Focusing on building the pipeline of impact investments is also critical.  There is no shortage of social entrepreneurs with interesting ideas on how to use investment capital to change the world.  The number of proposals that have the key elements to justify investment, including an experienced management team, a compelling business case, requisite analyses of the market, the wherewithal to implement, etc. – are, as most funders will tell you, few and far between.  Mechanisms to support the most promising of early stage impact investments with technical assistance and seed funding are also few and far between, but without them there is no way we will have nearly enough product for flood of capital  – $120 billion, $500 billion, more – that is predicted to be coming into the sector by the various new reports.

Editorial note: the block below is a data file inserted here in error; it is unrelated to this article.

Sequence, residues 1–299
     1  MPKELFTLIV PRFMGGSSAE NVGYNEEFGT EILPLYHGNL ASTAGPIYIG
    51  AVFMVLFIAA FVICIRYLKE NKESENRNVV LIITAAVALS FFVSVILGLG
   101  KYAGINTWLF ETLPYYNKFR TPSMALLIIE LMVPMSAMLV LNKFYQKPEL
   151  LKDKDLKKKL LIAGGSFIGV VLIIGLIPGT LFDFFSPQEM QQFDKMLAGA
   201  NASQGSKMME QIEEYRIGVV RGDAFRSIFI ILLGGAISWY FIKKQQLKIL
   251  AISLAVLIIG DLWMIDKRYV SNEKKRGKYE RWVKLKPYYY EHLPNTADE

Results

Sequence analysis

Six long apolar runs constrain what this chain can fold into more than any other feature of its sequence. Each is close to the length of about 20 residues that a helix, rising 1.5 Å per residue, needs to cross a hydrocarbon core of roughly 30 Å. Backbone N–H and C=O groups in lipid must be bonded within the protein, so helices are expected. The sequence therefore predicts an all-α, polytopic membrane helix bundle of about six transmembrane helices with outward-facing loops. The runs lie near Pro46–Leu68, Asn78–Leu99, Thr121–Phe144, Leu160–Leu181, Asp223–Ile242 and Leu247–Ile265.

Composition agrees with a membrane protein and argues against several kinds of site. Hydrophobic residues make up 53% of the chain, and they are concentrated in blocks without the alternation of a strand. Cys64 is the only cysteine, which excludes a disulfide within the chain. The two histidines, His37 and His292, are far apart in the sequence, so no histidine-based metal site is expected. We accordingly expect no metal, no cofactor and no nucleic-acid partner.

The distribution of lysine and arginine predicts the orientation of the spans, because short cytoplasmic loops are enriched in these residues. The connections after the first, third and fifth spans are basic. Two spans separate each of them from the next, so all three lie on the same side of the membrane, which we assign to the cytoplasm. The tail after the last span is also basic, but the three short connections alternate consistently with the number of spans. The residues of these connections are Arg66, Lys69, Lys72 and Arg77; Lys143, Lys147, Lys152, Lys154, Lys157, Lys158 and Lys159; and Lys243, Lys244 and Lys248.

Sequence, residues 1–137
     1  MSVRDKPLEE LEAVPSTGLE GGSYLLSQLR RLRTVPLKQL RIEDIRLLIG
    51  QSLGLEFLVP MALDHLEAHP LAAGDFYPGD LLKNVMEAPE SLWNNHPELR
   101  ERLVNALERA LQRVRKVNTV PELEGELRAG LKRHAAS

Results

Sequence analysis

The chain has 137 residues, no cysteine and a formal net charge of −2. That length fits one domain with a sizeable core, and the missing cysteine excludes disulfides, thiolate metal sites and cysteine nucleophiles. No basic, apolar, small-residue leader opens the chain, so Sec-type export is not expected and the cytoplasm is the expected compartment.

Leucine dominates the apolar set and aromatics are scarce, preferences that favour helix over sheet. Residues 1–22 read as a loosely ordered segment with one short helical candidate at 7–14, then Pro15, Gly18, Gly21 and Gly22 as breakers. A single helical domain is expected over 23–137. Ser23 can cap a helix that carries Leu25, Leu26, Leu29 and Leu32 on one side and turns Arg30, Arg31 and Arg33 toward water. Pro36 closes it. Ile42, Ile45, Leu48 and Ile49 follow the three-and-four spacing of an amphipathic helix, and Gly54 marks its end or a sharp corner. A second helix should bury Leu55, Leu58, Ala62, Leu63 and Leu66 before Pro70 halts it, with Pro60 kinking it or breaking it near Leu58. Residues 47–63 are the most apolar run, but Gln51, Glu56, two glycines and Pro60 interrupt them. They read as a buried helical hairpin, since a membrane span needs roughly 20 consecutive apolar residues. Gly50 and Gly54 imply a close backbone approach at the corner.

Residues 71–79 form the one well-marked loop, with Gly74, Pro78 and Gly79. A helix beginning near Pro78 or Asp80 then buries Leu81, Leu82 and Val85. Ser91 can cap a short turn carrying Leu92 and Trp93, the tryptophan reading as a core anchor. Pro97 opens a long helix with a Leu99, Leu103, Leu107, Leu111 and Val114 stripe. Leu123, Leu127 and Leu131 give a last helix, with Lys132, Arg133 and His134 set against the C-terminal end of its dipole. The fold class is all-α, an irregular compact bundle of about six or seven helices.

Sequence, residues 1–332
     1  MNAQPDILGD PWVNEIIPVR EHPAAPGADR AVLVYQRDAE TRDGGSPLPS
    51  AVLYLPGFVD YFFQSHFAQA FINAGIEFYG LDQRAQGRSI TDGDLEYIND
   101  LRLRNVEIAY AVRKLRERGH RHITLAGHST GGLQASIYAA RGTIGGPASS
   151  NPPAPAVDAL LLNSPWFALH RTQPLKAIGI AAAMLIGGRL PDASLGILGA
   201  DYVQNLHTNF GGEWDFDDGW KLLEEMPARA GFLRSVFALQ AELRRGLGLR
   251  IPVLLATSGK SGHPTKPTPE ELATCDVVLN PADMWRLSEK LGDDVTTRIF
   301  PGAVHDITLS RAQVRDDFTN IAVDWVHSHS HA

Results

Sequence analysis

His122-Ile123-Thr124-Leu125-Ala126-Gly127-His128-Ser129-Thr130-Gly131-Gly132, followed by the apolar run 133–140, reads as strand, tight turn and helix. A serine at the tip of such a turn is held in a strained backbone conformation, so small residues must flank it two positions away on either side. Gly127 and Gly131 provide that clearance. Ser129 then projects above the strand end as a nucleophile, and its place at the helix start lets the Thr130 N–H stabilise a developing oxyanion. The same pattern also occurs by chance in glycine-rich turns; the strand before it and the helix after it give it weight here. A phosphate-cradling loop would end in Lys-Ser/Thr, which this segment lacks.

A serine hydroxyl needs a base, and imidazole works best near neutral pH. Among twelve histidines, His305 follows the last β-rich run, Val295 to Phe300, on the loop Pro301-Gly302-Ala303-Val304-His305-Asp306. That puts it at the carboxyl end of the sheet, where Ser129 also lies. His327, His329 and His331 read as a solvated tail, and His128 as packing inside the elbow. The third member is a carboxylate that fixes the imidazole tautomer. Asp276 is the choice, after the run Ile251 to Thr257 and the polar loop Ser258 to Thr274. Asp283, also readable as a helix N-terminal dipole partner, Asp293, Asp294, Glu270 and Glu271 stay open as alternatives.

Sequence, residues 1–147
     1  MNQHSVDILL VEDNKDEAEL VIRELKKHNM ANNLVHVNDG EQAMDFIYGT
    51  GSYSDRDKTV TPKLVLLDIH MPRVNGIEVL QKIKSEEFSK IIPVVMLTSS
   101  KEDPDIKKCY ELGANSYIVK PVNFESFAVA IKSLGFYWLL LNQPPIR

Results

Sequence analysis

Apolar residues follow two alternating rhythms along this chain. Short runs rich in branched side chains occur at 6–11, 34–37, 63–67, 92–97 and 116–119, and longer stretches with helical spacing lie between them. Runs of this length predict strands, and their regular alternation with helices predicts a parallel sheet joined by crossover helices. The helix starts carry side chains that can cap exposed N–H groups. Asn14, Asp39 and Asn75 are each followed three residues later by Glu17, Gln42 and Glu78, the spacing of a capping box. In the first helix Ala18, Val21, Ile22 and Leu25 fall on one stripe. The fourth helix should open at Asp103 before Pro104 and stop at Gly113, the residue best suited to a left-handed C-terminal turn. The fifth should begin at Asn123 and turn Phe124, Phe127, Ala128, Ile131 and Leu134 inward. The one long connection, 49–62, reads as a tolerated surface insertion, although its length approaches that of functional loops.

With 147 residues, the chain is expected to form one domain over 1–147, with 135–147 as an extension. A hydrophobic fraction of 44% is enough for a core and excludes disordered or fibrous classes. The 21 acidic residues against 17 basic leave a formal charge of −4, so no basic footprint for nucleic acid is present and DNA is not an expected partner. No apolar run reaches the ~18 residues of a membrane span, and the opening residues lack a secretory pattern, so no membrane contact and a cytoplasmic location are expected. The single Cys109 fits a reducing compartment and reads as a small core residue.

Finally, we need to think hard about linkages between the impact investment sector and other sectors – both the purely social/ philanthropic and the purely commercial.   The former can help fund some of the activities required in this sector to build the pipeline; the latter can keep us honest with regard to financial viability.  Models that blend participants from different sectors will broaden the pool of doable deals and allow us to achieve scale more quickly.  Ideally, the best impact investments of today will be the mainstream blue chips of tomorrow (ok, maybe the day after) enhancing our social and economic well-being.